Saturday night's Golden Globe Awards was an awards show with surprises--which in itself is pretty surprising. Cher showed up in a demure outfit, Marlee Matlin arrived with a new boyfriend, and Sammy Davis Jr. shared the stage with David "Talking Head" Byrne.
Add to that the fact that most of the winners actually showed up.
But even more curious was that, in a movie year filled with so many critically acclaimed blockbusters that the Oscars are up for grabs, Bernardo Bertolucci's historical saga "The Last Emperor" was able to sweep four of the top categories, including best director and best drama, while James L. Brooks' five-time nominated "Broadcast News" was shut out entirely.
Immediately whispers spread through the International Ballroom of the Beverly Hilton that perhaps the Hollywood Foreign Press Assn., which bestows the awards, hadn't understood enough about the American TV news industry to appreciate Brooks' film--a charge that several of the journalists shrugged off. (Then, again, this is the same crowd who honored Pia Zadora as new star of the year in 1982.) No matter, because the foreigners knew what they liked.
And they liked "Moonstruck," naming Cher as best actress in a comedy and Olympia Dukakis as best supporting actress, and choosing John Boorman's "Hope and Glory," as best comedy.
Though noting privately that he hasn't seen any of the competition ("I'm going to the movies this week"), Bertolucci was cautiously optimistic about "The Last Emperor's" Oscar chances. "If everybody says it will win, then everybody has the responsibility of making it happen," he said spiritedly.
Still, he's clearly not taking any chances. In his acceptance speech for his Golden Globe as best director, Bertolucci admitted consulting a witch doctor in Zanzibar last week who told him to get to America pronto .
Unexpectedly, Robin Williams captured the best actor in a comedy award, but he was in New York hosting "Saturday Night Live."
"If he was here," said presenter and close buddy Christopher Reeve, "there would be no telling what he'd say."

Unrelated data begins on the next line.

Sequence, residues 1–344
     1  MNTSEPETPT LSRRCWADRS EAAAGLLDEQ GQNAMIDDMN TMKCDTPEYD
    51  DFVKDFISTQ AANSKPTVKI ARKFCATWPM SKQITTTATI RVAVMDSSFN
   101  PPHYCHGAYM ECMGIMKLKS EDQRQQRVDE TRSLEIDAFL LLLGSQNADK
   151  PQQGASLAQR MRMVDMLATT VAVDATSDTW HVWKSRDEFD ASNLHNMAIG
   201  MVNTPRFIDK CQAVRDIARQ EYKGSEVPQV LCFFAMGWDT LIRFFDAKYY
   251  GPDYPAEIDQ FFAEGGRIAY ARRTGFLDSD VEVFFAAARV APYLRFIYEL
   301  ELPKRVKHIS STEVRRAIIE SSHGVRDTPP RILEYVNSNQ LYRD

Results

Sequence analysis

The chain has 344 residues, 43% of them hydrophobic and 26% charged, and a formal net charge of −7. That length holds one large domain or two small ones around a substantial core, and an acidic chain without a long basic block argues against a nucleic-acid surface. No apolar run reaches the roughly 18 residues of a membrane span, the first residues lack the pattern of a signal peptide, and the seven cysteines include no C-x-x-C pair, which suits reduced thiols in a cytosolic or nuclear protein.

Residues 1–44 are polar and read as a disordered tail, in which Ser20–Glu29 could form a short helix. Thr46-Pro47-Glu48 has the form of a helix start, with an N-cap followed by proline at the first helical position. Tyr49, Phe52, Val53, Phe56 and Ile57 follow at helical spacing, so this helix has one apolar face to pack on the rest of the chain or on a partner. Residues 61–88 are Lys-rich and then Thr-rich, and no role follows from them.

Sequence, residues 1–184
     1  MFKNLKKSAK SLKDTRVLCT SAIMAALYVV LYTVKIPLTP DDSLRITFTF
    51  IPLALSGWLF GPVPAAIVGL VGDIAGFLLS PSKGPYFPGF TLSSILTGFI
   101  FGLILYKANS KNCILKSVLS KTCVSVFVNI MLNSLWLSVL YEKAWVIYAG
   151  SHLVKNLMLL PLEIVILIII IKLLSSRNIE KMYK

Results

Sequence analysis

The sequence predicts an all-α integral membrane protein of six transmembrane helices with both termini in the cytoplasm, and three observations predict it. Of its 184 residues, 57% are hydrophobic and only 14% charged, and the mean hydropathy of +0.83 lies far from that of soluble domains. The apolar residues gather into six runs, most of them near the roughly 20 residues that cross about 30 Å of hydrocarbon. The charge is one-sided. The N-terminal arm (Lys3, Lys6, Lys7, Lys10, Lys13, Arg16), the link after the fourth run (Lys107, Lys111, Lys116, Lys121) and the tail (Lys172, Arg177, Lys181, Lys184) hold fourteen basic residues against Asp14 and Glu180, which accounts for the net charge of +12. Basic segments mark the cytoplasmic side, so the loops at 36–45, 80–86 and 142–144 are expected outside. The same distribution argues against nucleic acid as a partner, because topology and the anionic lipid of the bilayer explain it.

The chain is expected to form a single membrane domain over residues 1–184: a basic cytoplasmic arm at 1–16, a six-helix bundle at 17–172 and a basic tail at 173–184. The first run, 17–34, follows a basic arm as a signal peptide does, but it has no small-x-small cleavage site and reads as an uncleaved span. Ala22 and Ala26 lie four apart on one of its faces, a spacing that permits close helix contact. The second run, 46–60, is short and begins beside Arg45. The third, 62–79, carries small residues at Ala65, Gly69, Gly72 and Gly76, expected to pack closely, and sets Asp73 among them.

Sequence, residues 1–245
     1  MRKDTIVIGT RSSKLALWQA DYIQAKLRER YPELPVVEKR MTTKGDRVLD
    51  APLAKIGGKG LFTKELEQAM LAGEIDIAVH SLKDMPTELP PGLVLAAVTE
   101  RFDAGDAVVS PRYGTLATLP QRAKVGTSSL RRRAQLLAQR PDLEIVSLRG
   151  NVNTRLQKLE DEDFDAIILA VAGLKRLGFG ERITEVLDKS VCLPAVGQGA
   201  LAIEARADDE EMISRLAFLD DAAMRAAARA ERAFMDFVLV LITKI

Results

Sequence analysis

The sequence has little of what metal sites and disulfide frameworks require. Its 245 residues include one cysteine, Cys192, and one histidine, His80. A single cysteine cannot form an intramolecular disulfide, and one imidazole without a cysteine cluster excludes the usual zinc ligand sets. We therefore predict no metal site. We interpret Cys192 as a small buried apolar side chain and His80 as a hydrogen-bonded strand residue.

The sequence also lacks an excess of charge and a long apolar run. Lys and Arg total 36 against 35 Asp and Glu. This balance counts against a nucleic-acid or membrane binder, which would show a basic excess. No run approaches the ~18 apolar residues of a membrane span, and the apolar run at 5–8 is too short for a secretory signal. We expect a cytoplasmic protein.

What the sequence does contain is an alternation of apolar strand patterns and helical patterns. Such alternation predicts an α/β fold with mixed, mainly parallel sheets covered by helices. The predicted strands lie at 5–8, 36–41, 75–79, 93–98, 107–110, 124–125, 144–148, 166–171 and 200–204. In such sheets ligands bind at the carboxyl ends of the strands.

While Dukakis held back tears during her acceptance speech, Cher was defiant. Looking debutante-like in a black velvet gown with nary a hint of decollete or belly button, she answered the crowd's huge roar of approval for her award by comparing her fans to those of the New York Jets football team. "They've taken so much for being my fans," said the actress, who at the last minute skipped the New York Film Critics awards banquet in order to attend the Golden Globes ceremony. "But you guys have hung in there--and here we are!"
And so was everyone else--or maybe it just seemed like that. Once the ugly duckling of the annual awards derby, still the less influential stepsister to the Oscars, the Golden Globes by mixing film and TV honors settles for the respect of paparazzi because of the huge field of stars who show up year after year. And this year's group was a bumper crop.
For instance, Sir Richard Attenborough presented the Cecil B. DeMille Award for outstanding contribution to the world of entertainment to Clint Eastwood, who praised this year's abundant number of "big screen-sized" productions as in keeping with DeMille's tradition. "And it's a pleasure to see that," Eastwood observed.
But make no mistake. The real charm of the Golden Globes usually isn't its high-mindedness; it's the preponderance of over-exposed flesh, over-done jewelry and over-the-top lingerie masquerading as evening wear among the attendees.
Sally Kirkland, named best actress in a dramatic film for "Anna," captured the unofficial "I-was-poured-into-my-dress tonight" title won by Justine Bateman at the Emmys last year. Cybill Shepherd ("Moonlighting" co-star and newlywed Bruce Willis didn't show up) showed off her post-twins figure with a "Gone with the Wind"-like prom dress, while Pam Dawber paraded her still-ongoing pregnancy in a jumper number.
But the best outfit of the evening belonged to Tracey Ullman, who touted it on "Late Night with David Letterman" the day before and then went on to trounce three Golden Girls to win best actress in a TV comedy series.
Looking like Shirley Temple (or was it Betty Boop?) in a white pique-and-petticoat Thierry Mugler party dress that Ullman teamed with red polka-dot pumps and red chiffon hair bows, she sounded as if tough contract negotiations are coming up soon with the Fox network.
Queried backstage if she would ask Fox chairman Barry Diller for a raise, Ullman said determinedly, "Well, he better give me a nursery for my child!"
Another surprise was Dabney Coleman's award for best actor in a TV comedy series. Genuinely stunned, Coleman stopped blowing cigar smoke long enough to stare at his award and cynically remark: "Gee, I thought it would be a little bigger than this."
But an emotional Susan Dey, winner of the best actress in a TV drama series category for "L.A. Law," declared, "Well, I don't know. It's big enough for me."